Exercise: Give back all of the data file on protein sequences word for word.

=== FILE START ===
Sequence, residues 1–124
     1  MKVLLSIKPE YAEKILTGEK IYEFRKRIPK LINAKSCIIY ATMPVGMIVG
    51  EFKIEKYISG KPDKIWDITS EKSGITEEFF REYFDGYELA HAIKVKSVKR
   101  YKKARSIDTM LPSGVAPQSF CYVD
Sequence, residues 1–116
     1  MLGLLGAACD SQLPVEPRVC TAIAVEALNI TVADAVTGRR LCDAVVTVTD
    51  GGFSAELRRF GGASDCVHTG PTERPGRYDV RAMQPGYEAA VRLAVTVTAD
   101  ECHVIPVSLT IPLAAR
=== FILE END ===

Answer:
Sequence, residues 1–124
     1  MKVLLSIKPE YAEKILTGEK IYEFRKRIPK LINAKSCIIY ATMPVGMIVG
    51  EFKIEKYISG KPDKIWDITS EKSGITEEFF REYFDGYELA HAIKVKSVKR
   101  YKKARSIDTM LPSGVAPQSF CYVD
Sequence, residues 1–116
     1  MLGLLGAACD SQLPVEPRVC TAIAVEALNI TVADAVTGRR LCDAVVTVTD
    51  GGFSAELRRF GGASDCVHTG PTERPGRYDV RAMQPGYEAA VRLAVTVTAD
   101  ECHVIPVSLT IPLAAR